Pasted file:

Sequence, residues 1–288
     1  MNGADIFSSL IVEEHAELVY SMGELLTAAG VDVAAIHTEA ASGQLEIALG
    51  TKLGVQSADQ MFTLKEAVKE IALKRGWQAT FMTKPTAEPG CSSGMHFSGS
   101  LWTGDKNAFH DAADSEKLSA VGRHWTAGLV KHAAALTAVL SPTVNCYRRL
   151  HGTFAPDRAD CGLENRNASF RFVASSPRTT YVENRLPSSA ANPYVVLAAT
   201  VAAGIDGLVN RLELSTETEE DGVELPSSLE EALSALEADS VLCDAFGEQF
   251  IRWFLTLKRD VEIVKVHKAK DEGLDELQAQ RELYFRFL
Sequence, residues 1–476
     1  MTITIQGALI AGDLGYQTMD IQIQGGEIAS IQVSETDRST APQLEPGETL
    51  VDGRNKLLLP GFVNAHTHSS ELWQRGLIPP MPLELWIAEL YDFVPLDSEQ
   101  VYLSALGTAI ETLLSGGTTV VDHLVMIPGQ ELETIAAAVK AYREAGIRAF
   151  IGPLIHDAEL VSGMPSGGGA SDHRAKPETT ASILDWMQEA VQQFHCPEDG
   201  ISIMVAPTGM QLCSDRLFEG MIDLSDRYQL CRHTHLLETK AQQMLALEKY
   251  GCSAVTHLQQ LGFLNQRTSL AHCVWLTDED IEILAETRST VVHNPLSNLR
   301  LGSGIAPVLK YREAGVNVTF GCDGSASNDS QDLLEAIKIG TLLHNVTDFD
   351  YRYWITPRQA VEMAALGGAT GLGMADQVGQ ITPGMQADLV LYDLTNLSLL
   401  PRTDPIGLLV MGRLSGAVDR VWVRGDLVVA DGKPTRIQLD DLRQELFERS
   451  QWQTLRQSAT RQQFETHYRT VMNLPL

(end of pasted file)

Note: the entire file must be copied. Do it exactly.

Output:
Sequence, residues 1–288
     1  MNGADIFSSL IVEEHAELVY SMGELLTAAG VDVAAIHTEA ASGQLEIALG
    51  TKLGVQSADQ MFTLKEAVKE IALKRGWQAT FMTKPTAEPG CSSGMHFSGS
   101  LWTGDKNAFH DAADSEKLSA VGRHWTAGLV KHAAALTAVL SPTVNCYRRL
   151  HGTFAPDRAD CGLENRNASF RFVASSPRTT YVENRLPSSA ANPYVVLAAT
   201  VAAGIDGLVN RLELSTETEE DGVELPSSLE EALSALEADS VLCDAFGEQF
   251  IRWFLTLKRD VEIVKVHKAK DEGLDELQAQ RELYFRFL
Sequence, residues 1–476
     1  MTITIQGALI AGDLGYQTMD IQIQGGEIAS IQVSETDRST APQLEPGETL
    51  VDGRNKLLLP GFVNAHTHSS ELWQRGLIPP MPLELWIAEL YDFVPLDSEQ
   101  VYLSALGTAI ETLLSGGTTV VDHLVMIPGQ ELETIAAAVK AYREAGIRAF
   151  IGPLIHDAEL VSGMPSGGGA SDHRAKPETT ASILDWMQEA VQQFHCPEDG
   201  ISIMVAPTGM QLCSDRLFEG MIDLSDRYQL CRHTHLLETK AQQMLALEKY
   251  GCSAVTHLQQ LGFLNQRTSL AHCVWLTDED IEILAETRST VVHNPLSNLR
   301  LGSGIAPVLK YREAGVNVTF GCDGSASNDS QDLLEAIKIG TLLHNVTDFD
   351  YRYWITPRQA VEMAALGGAT GLGMADQVGQ ITPGMQADLV LYDLTNLSLL
   401  PRTDPIGLLV MGRLSGAVDR VWVRGDLVVA DGKPTRIQLD DLRQELFERS
   451  QWQTLRQSAT RQQFETHYRT VMNLPL